Michigan Rep. Justin Amash may have earned himself the ire of Trump supporters but his recent bill is one that could define how much power the government has over the people going forward, and as such, will be one of the most telling votes Congress will ever have.
According to Reason, Amash introduced the National Emergencies Reform Act which has the ability to limit the control a president has over emergency powers. With Democrats likely to take control for the next four years, it’s a bill that could severely limit the power the authoritarian party has over the people.
As Reason explains, declaring emergency powers gives the President a great deal of power and can retain that power in perpetuity if they see fit. Dozens of emergencies declared decades ago are still in effect now:
Under current law, the executive office can invoke a national emergency to enact a policy that lawmakers might otherwise reject. Such a declaration can go on without an end in sight: The National Emergencies Act (NEA) currently holds that an “emergency” is only over when the president says it is, or when Congress passes a veto-proof resolution.
Of the 69 national emergencies declared since the NEA’s inception in 1976, 35 are still ongoing. Seven originated with President Donald Trump, 10 with President Barack Obama, 11 with President George W. Bush, and six with President Bill Clinton. The remaining one dates back to the reign of Jimmy Carter.
Amash’s bill will neuter this rule by making any emergency declaration a 60-day affair at most and can only continue if congress votes to keep it going.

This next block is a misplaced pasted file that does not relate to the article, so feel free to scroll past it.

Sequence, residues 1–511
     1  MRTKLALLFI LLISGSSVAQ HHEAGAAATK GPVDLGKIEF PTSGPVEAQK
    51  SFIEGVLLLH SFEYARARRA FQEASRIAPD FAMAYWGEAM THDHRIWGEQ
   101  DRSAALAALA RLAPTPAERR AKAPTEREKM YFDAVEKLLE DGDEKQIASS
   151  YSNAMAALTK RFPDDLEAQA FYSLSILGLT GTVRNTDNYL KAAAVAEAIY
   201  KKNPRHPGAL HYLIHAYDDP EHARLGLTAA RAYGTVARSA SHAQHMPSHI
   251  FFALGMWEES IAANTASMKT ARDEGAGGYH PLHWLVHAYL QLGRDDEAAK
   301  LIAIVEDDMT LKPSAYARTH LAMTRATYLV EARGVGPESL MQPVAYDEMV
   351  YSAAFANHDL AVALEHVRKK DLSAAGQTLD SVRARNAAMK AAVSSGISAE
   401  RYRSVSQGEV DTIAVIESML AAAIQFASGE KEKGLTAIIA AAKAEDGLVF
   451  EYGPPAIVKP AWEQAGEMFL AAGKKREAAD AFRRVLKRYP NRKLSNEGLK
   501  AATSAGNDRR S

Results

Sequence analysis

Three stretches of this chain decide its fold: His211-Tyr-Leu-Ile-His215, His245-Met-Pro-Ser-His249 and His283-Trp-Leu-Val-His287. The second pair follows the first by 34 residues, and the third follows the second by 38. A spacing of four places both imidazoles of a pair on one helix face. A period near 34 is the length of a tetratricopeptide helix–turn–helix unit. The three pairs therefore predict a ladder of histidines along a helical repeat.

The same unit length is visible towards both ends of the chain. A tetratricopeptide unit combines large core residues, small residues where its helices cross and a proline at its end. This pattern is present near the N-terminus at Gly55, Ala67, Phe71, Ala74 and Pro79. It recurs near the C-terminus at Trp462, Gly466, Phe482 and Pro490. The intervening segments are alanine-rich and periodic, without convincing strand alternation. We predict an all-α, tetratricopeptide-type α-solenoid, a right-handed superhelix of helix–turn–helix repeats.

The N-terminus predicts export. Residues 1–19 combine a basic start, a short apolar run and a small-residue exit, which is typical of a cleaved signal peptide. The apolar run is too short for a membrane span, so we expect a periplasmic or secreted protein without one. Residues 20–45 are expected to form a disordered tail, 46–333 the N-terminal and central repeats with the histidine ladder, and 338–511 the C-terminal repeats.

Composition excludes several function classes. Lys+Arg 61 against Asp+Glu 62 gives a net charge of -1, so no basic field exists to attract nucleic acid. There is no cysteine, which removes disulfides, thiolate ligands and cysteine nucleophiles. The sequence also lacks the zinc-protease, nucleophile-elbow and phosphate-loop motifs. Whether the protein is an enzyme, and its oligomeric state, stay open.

“Going back to the Framers of the Constitution, Americans have recognized the president’s inherent power as chief executive to act swiftly and unilaterally in an emergency. But such power exists only so long as Congress has no opportunity to act,” Amash said in a statement.
“Laws like the National Emergencies Act are not—and, under our Constitution, cannot be—grants of legislative powers to the president,” he continued. “Too often, emergencies are being invoked without appropriate justification, and the transition of power back to Congress isn’t happening. My bill will restore constitutional balance to these situations by limiting the duration of presidential emergency declarations without restricting the president’s ability to act in true emergencies.”
Will Congress vote to reduce government powers?
As far as the Democrats go, the answer is likely “no.” Especially with Biden having one foot into the Oval Office, it’s unlikely that Congress will act to reduce any power it has at all, but we expect that.
The real question is, will Republicans?
Republicans just got done helping Democrats pass one of the worst pork-filled bills in the history of America. It’s clear that the vast majority of them, with few exceptions *cough* Rand Paul *cough* actually live up to the expectations put upon them by the voters in their party.
Republicans should vote for Amash’s bill for tactical reasons. That is true, however, it should also do so because it’s the right thing to do. The executive and legislative branches of our congress should be working toward giving up more power, not acquiring it.
Those who don’t vote to do so should be voted out in the midterms and replaced, along with those who chose to approve the “stimulus” bill that was more ham than stimulus.
This is a test, and Republicans had better pass it.